Patience Beard cheered, danced, and tumbled her way onto a Division 1 cheerleading squad -- hardly an easy feat. And she did it all on a prosthetic leg.
Patience was born with Proximal Focal Femoral Deficiency, which stunted the development of her left femur bone. Her left leg was amputated when she was less than a year old. She cites her parents' encouragement as the source of her unshakeable confidence and no-excuses attitude; she began gymnastics lessons at age four and joined her first cheerleading squad in seventh grade.
The University of Arkansas freshman impressed Jean Nail, the school's Spirit Coordinator, and was offered a spot on the squad. "Patience is highly energetic, extremely hard-working, and very talented," Nail told MSNBC. "Sometimes, when you see Patience, she just gives you that extra edge to try it one more time."
Her new role as a Razorbacks cheerleader has been a lifelong goal for Patience. "I've always dreamed of this," she said, "but never thought I'd be here doing what I've always wanted to do."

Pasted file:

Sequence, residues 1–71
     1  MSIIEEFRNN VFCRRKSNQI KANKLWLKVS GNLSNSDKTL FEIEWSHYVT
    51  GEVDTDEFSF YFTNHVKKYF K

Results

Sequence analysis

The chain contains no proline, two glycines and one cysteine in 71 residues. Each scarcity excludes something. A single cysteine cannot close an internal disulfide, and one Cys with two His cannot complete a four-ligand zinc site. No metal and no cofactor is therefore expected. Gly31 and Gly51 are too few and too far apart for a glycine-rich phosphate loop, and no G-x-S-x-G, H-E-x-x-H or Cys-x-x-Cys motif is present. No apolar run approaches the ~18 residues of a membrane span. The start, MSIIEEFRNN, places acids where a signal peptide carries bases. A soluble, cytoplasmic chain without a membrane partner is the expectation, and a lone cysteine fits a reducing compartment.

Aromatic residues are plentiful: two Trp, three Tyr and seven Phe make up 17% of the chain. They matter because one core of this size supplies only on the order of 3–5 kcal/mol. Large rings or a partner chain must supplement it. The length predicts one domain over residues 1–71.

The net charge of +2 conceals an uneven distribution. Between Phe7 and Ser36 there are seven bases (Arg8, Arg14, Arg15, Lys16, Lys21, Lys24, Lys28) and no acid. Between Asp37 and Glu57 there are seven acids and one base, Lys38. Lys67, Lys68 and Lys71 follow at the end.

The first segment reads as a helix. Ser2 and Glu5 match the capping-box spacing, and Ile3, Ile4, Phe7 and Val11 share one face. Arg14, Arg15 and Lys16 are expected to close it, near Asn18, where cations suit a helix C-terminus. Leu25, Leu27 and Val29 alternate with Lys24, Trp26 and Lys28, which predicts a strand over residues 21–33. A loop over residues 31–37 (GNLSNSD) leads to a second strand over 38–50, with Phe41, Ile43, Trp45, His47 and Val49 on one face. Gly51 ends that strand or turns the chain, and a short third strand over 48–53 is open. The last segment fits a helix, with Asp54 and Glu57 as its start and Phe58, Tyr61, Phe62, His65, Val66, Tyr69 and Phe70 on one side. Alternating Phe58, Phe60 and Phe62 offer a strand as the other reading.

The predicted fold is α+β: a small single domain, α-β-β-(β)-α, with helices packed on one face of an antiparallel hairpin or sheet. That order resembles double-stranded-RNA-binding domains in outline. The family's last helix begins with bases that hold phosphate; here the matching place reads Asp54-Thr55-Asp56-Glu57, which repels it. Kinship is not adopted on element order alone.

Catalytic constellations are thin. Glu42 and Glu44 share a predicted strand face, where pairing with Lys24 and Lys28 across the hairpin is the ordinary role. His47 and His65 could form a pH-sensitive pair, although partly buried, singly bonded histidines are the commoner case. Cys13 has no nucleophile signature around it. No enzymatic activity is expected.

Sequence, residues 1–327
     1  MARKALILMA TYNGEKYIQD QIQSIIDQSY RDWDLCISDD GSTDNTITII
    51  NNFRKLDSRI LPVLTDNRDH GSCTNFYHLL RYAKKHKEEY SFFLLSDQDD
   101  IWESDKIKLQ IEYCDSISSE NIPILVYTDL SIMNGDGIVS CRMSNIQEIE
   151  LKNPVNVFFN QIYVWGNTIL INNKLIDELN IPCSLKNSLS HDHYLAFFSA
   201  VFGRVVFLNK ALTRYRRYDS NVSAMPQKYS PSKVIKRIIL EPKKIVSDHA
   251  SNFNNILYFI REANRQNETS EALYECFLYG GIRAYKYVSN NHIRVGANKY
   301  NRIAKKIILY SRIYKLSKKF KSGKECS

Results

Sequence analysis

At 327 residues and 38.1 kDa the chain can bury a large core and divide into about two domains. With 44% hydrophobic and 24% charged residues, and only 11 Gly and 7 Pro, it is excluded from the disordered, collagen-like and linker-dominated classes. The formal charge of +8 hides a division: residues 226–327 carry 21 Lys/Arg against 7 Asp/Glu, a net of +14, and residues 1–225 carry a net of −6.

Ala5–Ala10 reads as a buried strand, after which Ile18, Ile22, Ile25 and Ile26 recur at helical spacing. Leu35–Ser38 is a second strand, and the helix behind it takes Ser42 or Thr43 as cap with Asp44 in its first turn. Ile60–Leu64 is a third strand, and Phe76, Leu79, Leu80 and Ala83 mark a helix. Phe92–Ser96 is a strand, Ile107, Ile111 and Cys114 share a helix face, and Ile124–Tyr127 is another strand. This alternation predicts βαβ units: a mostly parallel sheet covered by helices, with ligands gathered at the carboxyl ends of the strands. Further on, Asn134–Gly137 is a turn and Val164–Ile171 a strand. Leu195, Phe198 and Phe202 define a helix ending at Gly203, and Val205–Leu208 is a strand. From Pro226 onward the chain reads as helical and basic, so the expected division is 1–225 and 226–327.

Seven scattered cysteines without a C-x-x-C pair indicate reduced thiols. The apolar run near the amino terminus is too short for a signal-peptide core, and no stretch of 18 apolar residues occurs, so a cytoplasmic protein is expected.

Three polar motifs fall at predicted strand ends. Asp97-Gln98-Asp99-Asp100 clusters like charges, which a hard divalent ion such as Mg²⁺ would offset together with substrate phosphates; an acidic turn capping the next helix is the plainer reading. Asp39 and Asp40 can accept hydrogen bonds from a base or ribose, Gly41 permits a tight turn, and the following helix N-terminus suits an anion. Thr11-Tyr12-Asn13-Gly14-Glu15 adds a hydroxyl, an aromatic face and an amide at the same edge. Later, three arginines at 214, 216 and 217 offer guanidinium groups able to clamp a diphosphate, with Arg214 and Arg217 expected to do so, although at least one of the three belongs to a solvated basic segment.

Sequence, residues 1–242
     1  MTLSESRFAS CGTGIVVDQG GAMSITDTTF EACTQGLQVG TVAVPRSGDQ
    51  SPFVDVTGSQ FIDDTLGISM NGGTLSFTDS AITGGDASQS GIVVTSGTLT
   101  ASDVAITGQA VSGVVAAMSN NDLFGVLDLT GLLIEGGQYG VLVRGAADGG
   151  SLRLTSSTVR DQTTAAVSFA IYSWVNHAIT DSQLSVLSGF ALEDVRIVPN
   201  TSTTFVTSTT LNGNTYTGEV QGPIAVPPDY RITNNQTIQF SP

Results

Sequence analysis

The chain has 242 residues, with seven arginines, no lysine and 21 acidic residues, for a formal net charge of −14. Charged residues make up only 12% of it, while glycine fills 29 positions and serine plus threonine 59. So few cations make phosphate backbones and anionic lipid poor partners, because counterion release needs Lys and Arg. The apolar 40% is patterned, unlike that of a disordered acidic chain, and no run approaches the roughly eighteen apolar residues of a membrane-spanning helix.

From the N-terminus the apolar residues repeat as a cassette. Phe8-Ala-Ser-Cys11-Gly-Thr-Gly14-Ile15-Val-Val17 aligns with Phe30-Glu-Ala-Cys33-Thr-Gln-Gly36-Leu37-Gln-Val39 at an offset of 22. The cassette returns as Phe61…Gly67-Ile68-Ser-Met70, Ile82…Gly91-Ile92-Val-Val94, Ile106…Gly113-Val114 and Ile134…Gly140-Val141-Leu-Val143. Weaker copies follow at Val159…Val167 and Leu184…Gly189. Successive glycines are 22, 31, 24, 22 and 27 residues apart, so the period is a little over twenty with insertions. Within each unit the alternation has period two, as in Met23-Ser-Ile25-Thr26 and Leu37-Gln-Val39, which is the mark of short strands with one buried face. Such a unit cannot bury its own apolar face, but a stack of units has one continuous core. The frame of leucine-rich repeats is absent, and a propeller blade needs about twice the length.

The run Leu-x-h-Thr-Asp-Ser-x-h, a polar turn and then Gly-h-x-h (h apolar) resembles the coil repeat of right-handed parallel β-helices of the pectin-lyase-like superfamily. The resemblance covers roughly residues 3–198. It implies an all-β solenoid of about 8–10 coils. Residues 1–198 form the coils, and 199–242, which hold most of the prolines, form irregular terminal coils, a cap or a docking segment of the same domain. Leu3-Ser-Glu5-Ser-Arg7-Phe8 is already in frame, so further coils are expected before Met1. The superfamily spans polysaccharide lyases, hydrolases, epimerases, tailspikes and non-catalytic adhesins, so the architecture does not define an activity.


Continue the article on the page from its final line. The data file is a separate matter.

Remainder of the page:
Fourteen-year-old cheerleader Jessica McCartney also recently made headlines for thriving on her squad despite living with autism.
"She has to keep her grades up and she's in regular classes with everybody else," her mother said to ABC. "She's been doing exceptionally well, and I'm very proud of her."
Another athlete, 14-year-old pitcher Coleman Shannon, inspired his team earlier this year when he pitched a no-hitter with one arm during his Little League game.
How have you overcome obstacles? Do you know any incredible athletes like Patience? Let us know in the comments below or tweet @HuffPostTeen!
CORRECTION: In an earlier version of this article, Patience Beard's name was misspelled. We regret the error.
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